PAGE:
Click to enlarge the spread and page through the photos

deus ex imagination

Last Friday for l'étoile's MNfashion event "Imagination Mechanism," our staff took on a unique challenge. The party was a celebration of the creative process, so guests were invited to watch a photo shoot as it took place in one of the Eitel Building's gorgeous apartments, then the entire post-production process (re-touching, layout design, etc.) was projected to give attendants an insider's view of how a fashion editorial is created. So yes, we styled and produced a photo shoot, re-touched the images, and designed a layout all in one evening. If there is ever a Project Runway-style fashion editorial competition, I'm pretty sure the l'étoile staff could easy handle whatever challenges they threw our way.

Click to enlarge the spread and page through the photos

Special thanks to our sponsors Eitel Building City Apartments, Vision Management Group, Secrets of the City, and Ginger Hop Restaurant. A big thanks also to Clement Shimizu, Cole Griswold, Anna Lee, The Guthrie Theater, MNFashion, all the l'etoile staffers, all our awesome volunteers and the huge (and stylish) crowd who came out to check out the event -- we were blown away!

Monday, April 26, 2010

american psycho

Laura Fulk has made a name for herself in the Twin Cities and beyond by taking traditionally feminine sartorial elements and subverting them, creating modern looks that are both aesthetically pleasing and intellectually challenging. She toys with images of 1950s housewives, suffragettes, and pioneer women, while remaining effortlessly true to her contemporary design sensibility.

In "To the Ends of the Universe," her second solo runway show since last spring's "Suffocate," Fulk presented her Autumn/Winter 2010 collection amidst the modern architecture of the McNamara Alumni Center. As was to be expected, the presentation was one of the most polished and professional of MNFashion Week, thanks to Fulk's business partner and the show's producer Ray Shan.

The collection itself contained a healthy balance of dresses and separates that ranged from office appropriate to cocktail ready. Plenty of the dresses featured conservative cuts with high collars and knee-length skirts, though many included daring slits that allowed peeks of the contrast lining within. Very little skin was shown, but the strong shoulders and chain details gave the collection a hard edge.

One of Fulk's unique abilities is to create pieces that are conservative in cut, but tweak the design in such a way that something about the overall look feels slightly wrong and unsettling. The coats and dresses were surprisingly conservative, but by incorporating a moody palette, consistent asymmetry, and deconstructed details, Fulk conceptualized a collection that was half Park Avenue princess and half American Psycho.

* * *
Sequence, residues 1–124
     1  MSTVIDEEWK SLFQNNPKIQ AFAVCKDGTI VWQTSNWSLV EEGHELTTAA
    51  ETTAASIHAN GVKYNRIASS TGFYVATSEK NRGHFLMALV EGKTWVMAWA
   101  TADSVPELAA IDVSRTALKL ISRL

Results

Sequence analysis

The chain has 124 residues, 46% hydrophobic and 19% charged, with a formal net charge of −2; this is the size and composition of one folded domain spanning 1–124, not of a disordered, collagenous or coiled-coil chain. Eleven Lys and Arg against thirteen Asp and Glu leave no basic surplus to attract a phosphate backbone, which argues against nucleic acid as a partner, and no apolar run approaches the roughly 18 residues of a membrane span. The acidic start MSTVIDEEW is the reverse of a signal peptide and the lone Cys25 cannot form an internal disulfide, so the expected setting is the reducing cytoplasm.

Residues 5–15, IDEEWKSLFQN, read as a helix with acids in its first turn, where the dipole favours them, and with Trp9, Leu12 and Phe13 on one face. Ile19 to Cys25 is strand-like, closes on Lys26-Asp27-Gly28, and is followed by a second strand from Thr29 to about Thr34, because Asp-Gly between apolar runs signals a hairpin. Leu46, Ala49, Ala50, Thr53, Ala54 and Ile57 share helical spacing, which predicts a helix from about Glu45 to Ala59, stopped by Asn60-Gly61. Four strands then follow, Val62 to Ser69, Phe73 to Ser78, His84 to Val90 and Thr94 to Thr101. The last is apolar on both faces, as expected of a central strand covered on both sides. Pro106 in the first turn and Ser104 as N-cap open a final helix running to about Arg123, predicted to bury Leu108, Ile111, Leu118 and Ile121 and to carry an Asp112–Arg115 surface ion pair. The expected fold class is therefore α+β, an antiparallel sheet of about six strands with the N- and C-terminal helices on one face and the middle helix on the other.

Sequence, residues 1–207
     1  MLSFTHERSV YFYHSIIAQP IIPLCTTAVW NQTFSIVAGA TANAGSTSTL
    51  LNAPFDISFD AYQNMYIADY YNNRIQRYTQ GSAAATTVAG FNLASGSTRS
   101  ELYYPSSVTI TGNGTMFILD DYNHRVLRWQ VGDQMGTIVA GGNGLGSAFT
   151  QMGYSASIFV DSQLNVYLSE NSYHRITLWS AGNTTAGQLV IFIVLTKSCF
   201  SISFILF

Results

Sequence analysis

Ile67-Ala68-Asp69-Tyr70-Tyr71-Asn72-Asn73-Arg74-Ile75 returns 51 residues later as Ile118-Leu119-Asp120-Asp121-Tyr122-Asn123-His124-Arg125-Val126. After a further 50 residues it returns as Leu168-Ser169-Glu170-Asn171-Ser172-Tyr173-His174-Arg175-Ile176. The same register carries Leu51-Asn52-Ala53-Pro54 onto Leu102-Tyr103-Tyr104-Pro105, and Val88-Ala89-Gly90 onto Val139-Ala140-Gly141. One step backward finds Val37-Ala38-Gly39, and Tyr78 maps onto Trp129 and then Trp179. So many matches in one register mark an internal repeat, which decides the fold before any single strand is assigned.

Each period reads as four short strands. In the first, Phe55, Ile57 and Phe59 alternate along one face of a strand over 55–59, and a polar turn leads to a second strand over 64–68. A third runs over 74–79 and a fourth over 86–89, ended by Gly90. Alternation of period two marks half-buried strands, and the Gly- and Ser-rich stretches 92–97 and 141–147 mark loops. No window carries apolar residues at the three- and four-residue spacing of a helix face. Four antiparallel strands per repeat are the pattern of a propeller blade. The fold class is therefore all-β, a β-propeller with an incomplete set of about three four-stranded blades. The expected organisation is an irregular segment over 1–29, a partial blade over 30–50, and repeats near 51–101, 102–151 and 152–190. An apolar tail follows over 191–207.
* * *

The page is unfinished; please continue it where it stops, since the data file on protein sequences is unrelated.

During a model's first pass, a simple black number appeared to be a slightly updated version of a basic kimono dress. But as the model marched back down the aisle that served as the runway, a beautifully constructed row of pleats was revealed across the back. The delicate pleating was seen throughout the collection, a hallmark of how far Fulk has come with her tailoring.

Fulk also played with separates and knits in this collection far more than her previous show. Sweaters with bulbous over-sized sleeves were unconventional, but wearable. Blouses and trousers were true to the designer's vision, while being perfectly appropriate for both the office and happy hour. Though Fulk's major strength still lies in her dresses and coats, it will be exciting for consumers to have more Fulk pieces that they can mix and match into their own wardrobes this fall.

Considering that she has such a singular vision, Fulk is a designer who regularly reaches out to others artists to collaborate. This collection featured prints created by MCAD alumnae Melissa Breitenfelt and Laura Weber. The prints referenced delicate nebulas as well as colors that reached dark oceanic depths., The greens and blues were a pleasing compliment to the science fiction-inspired elements that Fulk often touches upon in her work.

The closing looks echoed a theatrical element used at Fulk's last show at The Lab Theater. Two models walked the runway dressed as mirror images of one another, a rare point of symmetry in a show overflowing with imbalance. Though one model's look echoed the cool shades of the previous looks, the other model wore a dress accented with fiery touches of yellow and red, keeping the collection connected to the designer's outer space inspiration. Both dresses featured scattered LED lights, a favorite of technologically-savvy designers such as Hussein Chalayan. The blue pricks of light also adorned the train of the finale gown, along with a thread painting of hand-dyed raw wools and organic silks. According to the designer, the thread painting was a technique she experimented with in her earlier work. Its use in this collection was a glorious re-birth.

Many of Fulk's signature design elements such as funnel collars, contrast lining, asymmetry, and elegant deconstruction punctuated the collection. Though the designer has developed one of the most recognizable design aesthetics in the Twin Cities, it would be compelling to see her operate further outside of her comfort zone. When establishing one's voice as a designer, it's dangerously easy for signatures to become crutches. But if there's one local designer who constantly pushes herself forward, it's Laura Fulk.